While department stores have been a familiar destination for Thai people for many decades, CBRE, a leading international property consultant, has witnessed a decline in popularity and small growth, particularly in 2020 when COVID-19 adversely hit the sector. CBRE believes that to adapt to e-commerce disruption and the changing consumer behaviour, department stores in 2021 will have to fine-tune their business model in terms of customer shopping experience, inventive activities and value-added programmes to continue their status as the second home for Thai shoppers.
Ms. Jariya Thumtrongkitkul, Head of Advisory and Transaction Services – Retail, CBRE Thailand explained, “While department stores offer shoppers convenience, saving them time with many varieties of goods grouped in different departments and allowing the shoppers to find and compare products and choose what they want, the traditional department store model does not fit the needs, lifestyle and behaviour of its shoppers anymore, especially the new generations.”
According to CBRE Research, the total retail supply in Bangkok as of Q4 2020 increased to 7.8 million square metres, a 1.16% increase year-on-year. Out of this, only approximately 3% was reported within the department store format. The department store market in Thailand is mainly dominated by two domestic retail giants, with Central Group and The Mall Group holding the largest market shares. They do not only concentrate in Bangkok, but have also opened department stores in many major cities throughout the country which allowed them to build bigger networks and grow their customer base.
In the past few decades, Japanese investors had also shown interest in entering the Thai market and offered local features that are well-known in Japanese department stores: simplicity, premium quality and services. However, with strong competition many Japanese department store operators have ceased their expansion plans. Some have exited the country due to the fierce competition against the local players, their performance in Thailand and the shrinking Japanese department store business, especially in overseas countries.
“The department store concept as a one stop shopping place is still in demand for certain groups of customers. However, with the e-commerce disruption and changing consumer behaviour, department store operators need to adapt their models, offerings and value-added services to their customers to cope with the challenging economic and market conditions,” stated Ms. Jariya.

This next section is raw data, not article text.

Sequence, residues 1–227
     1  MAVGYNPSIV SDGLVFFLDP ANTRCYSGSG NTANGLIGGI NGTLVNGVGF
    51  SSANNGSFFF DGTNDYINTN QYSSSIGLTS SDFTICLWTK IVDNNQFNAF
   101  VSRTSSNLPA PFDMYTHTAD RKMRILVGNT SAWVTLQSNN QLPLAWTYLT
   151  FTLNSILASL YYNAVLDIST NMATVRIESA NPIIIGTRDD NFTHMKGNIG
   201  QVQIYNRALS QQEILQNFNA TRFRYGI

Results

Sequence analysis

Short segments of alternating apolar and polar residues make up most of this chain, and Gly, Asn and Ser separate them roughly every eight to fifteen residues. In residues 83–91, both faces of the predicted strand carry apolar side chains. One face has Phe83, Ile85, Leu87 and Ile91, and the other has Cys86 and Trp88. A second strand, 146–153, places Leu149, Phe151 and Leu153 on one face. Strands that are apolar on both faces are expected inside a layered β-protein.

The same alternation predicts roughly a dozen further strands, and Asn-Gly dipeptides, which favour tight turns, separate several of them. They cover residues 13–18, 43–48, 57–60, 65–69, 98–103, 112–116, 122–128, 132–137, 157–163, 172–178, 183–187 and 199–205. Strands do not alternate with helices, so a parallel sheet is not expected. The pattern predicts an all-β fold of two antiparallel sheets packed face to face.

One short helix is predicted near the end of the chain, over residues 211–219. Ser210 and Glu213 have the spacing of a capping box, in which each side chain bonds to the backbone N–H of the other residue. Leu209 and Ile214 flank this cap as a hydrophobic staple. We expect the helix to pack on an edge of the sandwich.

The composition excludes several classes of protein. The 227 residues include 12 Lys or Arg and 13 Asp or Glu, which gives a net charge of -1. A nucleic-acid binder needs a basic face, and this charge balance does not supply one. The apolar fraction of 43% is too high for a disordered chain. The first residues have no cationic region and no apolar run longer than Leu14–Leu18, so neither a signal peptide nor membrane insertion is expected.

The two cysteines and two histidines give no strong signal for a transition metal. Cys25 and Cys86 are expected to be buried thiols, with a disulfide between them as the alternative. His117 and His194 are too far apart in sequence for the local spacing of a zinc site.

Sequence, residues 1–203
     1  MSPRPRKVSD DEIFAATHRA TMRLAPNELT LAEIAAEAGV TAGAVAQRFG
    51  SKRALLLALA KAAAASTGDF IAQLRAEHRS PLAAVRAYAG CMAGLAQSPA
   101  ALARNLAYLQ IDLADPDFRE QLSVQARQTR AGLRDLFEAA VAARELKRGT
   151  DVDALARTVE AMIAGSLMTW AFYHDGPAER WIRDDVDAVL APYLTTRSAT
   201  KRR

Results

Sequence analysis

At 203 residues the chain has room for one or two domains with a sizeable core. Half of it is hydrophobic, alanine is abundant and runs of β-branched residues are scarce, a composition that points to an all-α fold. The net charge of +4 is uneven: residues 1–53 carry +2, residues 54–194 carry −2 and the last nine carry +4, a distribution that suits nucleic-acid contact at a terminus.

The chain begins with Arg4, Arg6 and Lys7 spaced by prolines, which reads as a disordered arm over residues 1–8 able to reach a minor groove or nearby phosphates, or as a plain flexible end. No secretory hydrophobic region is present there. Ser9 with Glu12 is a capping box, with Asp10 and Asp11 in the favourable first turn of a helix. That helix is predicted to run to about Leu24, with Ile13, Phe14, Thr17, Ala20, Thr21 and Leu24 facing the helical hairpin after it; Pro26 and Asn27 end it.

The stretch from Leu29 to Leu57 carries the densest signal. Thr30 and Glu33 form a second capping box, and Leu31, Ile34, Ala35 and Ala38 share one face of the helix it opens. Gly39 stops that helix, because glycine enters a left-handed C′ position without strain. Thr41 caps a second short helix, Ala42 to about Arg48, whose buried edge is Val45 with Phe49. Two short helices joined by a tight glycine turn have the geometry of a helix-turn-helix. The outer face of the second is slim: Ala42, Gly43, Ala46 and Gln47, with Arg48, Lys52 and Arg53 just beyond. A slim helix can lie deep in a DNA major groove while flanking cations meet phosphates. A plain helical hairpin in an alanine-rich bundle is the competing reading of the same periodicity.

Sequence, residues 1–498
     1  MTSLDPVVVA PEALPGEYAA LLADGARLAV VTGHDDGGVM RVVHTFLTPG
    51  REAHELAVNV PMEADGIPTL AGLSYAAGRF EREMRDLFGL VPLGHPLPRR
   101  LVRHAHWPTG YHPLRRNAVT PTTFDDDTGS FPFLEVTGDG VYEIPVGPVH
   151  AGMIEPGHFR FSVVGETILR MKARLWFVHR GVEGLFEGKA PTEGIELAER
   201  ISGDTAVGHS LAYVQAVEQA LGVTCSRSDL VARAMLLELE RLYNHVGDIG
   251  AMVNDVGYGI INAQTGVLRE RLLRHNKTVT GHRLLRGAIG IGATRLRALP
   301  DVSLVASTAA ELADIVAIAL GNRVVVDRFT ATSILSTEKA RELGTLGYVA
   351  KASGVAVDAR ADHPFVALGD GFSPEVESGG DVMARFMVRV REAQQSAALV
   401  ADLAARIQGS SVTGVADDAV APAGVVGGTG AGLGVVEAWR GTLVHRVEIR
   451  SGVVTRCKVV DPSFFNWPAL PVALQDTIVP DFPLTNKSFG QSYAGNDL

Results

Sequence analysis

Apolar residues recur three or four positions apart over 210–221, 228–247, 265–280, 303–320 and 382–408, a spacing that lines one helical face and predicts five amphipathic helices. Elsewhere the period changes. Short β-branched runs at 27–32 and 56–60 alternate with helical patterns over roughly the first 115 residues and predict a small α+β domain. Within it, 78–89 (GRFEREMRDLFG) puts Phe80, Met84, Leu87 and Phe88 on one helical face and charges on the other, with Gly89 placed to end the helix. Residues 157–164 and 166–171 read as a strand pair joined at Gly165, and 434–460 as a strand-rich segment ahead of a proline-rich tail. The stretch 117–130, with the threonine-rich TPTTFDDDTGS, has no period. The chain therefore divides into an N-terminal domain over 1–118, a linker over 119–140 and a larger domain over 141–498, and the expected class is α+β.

Adaptability of department stores can be highlighted into 3 main parts: customer shopping experience, inventive sales and marketing activities, and value-added programmes. While more and more younger generations prefer to shop online to save time and money, the brick-and-mortar store is still believed to be the second home for Thai shoppers. Department stores should be more agile in the era of e-commerce and adopt some technological innovations such as in-store automation and mobile payment solutions to reach the younger crowds.
Design is another aspect that plays an important part in customer shopping experience. Department stores can be more creative in remodelling traditional department store space into some ingenious and interactive space with a great design and right product portfolio mix for their customers. The Mall Group, for example, has launched its first “Lifestore” concept at The Mall Ngamwongwan at the end of 2020 by redesigning and renovating its traditional department store space to enhance customer shopping experience and enjoyment.
The second part to be considered for the adaptability comprises inventive activities related to sales and marketing. The prices of products being sold in a department store are normally set high to cover the higher establishment and operating costs by operators, narrowing their target to only upper- to high-income customers. Brand offerings may also no longer meet fast-changing customer needs since today’s shoppers have more choices in buying products online, not to mention the declining footfall due to the growth of e-commerce. CBRE Research has seen domestic players pushing hard to drive sales growth via numerous promotions, marketing campaigns and activities and collaboration with credit card companies during seasonal sales.
The third part consists of value-added programmes such as personal shopper, customer loyalty programme, on-demand solution and service personalisation, which have become a new trend as customers, including the aging population, are now more sophisticated and demanding.
The retail landscape has changed drastically in the past few years from various factors like technological advancement, consumer behaviour and preference as well as COVID-19. Cookie-cutter strategy will be a thing of the past, especially for department stores where the format and offerings have remained the same for decades.
“Going forward, CBRE believes department stores still have opportunities by being adaptive. Operators are likewise encouraged to capitalise on the mixed-use nature, specialise on the catchment area’s needs, lean more towards younger customers that are hungry for what is next, as well as adjust existing space to be more innovation-oriented. These could be a part of the answer to captivate consumers and also be the key to success,” concluded Ms. Jariya.
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